Foreign direct investment (FDI) screening of corporate acquisitions in Finland

In comparison with many other countries, foreign direct investment control, thus the FDI screening, has got rather limited attention in Finland even though the FDI mechanism has been in place since 2012 (amended twice since then). However, the recent crises such as war in Ukraine and energy crisis along other recent global developments have emphasized the importance of such mechanism.

The FDI screening regarding corporate acquisitions in Finland

The foreign investment policy and legislation regulating it are based on a positive attitude towards foreign ownership and investments to Finland.

The Act on the Screening of Foreign Corporate Acquisitions (172/2012, as amended, referred to as the “Act”) provides the rules for the FDI screening. The Act is aimed at securing key national interests through monitoring and therefore it is principally a monitoring tool. Where necessary, the authorities have also the power to restrict transfer of influence to foreigners or foreign organisations or foundations of Finnish companies.

The Ministry of Economic Affairs and Employment (the “MEAE”) is a designated national contact point for purpose of the FDI screening as per Regulation establishing a framework for the screening of foreign direct investments into the Union (EU 2019/452). It is also responsible for the monitoring task and approval of corporate acquisitions as provided in the Act.

Key national interests that are taken into consideration in the FDI screening are mainly the following:

  • securing military national defence;
  • securing functions vital to society (including safeguarding critical infrastructure); and
  • safeguarding national security and public order.

Companies operating in the field of defence and security are logically subjects to the FDI screening and therefore monitored entities. Furthermore, companies in sectors which are generally considered critical in terms of securing functions vital to society include energy, communication and transport, food supply and social and health care, can be monitored entities.

When is an approval needed?

A corporate acquisition refers to an acquisition or other corresponding transaction or measure as a result of which a foreign investor/foreign owner gains a control of at least one tenth, at least one third, or at least one half of the aggregate number of votes conferred by all shares in the company, or a corresponding actual influence. Hence, also minority acquisitions can be subject to the FDI screening.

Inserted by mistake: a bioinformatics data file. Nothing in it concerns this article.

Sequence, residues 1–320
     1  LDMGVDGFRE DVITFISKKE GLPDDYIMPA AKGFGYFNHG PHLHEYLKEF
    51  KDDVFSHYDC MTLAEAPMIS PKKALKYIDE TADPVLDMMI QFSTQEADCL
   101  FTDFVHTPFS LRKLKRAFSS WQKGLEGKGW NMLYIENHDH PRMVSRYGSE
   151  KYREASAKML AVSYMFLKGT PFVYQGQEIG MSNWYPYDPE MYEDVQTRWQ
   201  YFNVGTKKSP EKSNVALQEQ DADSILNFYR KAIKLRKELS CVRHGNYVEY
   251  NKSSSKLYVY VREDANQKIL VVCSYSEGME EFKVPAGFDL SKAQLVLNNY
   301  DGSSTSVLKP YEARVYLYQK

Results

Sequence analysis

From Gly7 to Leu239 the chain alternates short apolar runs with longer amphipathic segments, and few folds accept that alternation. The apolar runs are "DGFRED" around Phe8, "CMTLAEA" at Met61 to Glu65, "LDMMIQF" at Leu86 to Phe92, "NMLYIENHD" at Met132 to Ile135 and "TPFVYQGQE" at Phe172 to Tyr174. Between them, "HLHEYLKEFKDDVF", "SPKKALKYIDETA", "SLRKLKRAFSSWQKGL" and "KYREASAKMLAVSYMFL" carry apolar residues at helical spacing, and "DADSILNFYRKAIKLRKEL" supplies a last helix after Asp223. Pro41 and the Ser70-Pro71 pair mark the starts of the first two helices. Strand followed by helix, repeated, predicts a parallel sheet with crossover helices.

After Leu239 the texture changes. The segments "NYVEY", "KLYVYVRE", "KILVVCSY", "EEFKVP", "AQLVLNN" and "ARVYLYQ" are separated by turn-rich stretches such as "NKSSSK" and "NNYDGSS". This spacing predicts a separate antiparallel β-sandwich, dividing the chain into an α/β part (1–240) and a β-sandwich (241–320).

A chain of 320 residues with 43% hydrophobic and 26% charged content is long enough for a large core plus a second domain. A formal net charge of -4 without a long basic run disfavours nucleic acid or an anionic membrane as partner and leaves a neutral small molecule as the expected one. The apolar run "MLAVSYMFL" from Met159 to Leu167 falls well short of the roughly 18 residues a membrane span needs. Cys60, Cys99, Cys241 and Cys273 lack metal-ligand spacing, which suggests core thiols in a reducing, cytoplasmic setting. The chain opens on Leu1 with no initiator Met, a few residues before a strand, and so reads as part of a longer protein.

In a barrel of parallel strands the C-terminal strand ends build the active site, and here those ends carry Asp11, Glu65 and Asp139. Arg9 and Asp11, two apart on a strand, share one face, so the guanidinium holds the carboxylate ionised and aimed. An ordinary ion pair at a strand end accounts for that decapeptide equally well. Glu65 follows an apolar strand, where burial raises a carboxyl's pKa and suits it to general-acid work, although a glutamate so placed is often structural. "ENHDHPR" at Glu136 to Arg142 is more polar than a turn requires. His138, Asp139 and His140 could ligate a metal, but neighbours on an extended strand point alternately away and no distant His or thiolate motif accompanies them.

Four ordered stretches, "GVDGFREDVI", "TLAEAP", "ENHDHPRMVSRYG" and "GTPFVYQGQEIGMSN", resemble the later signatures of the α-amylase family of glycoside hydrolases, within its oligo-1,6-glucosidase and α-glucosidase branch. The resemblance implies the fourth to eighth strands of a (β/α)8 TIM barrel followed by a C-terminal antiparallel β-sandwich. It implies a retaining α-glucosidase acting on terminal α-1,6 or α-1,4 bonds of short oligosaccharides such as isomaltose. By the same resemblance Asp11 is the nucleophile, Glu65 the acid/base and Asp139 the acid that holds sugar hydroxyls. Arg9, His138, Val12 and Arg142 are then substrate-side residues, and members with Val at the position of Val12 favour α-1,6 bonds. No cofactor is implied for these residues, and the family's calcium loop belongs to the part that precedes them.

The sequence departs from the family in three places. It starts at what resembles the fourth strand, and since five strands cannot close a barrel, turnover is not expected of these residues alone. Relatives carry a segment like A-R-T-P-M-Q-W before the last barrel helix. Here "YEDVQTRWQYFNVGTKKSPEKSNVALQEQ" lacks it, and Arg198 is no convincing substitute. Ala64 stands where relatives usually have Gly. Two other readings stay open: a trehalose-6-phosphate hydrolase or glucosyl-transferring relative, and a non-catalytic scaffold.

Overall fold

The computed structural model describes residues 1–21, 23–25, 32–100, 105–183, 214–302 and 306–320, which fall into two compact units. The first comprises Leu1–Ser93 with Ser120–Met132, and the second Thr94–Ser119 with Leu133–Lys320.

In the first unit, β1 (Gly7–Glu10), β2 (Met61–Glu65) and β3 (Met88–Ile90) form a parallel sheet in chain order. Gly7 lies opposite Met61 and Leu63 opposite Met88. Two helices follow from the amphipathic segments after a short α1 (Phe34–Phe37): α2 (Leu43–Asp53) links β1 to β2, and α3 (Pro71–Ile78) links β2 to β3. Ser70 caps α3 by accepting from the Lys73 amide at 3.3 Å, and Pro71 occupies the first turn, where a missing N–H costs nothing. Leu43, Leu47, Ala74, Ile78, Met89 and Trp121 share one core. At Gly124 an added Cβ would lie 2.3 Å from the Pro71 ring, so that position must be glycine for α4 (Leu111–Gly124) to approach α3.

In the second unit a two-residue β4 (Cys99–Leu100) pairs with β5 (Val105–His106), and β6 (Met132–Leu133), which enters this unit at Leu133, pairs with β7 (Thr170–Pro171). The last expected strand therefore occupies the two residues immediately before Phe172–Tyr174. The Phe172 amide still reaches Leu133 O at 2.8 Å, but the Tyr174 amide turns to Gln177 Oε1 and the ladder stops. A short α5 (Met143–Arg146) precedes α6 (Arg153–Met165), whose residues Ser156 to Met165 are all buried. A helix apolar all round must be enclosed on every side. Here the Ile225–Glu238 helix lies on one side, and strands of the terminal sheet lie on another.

The target company’s field of activities determine whether the approval is mandatory. A foreign investor is obliged to submit a prior application to the MEAE if the target is active in defence industry (including defense equipment and dual-use products) or if it produces or supplies critical products or services related to the statutory duties of the Finnish authorities that are essential to the security of society. In cases where the application is mandatory, the acquisition must not be completed before the approval has been granted.

Regarding other corporate acquisitions of monitored entities a voluntary notification can be submitted before closing, for example, after the letter of intent has been signed.

Unless an acquisition could endanger at least one of the key national interests, the MEAE is obliged to confirm it. The MEAE may set conditions on its approval, for example, by excluding certain parts of the target from the acquisition. If the acquisition risks key national interests which cannot be mitigated by conditions, it is for the government to decide on the rejection. To our knowledge to-date the FDI screening process has not led to any acquisitions being rejected.

There are no legal timelines for the procedure relating to acquisitions in defence sector and the handling time varies depending on the case. In practice, it can take some months to get the confirmation. This must be kept in mind when drafting the deal documentation and considering the expected timeline of the acquisition.

Regarding other acquisitions certain legal timelines apply. The MEAE has six weeks to decide whether the matter necessitates a further examination. If not, the acquisition is considered confirmed. Also, if the MEAE does not propose the matter be referred to a government’s consideration within three months after receiving all information necessary considering the matter, the acquisition is considered confirmed.

It is therefore recommendable to consider and assess at an early stage of the planned transaction the need for the FDI screening application/notification.

Is there need for other regulatory approvals?

The FDI screening does not remove or replace other potential regulatory processes. For example, the acquisition may require a parallel merger control notification and approval by competition authorities such as the Finnish Competition and Consumer Authority.

Further information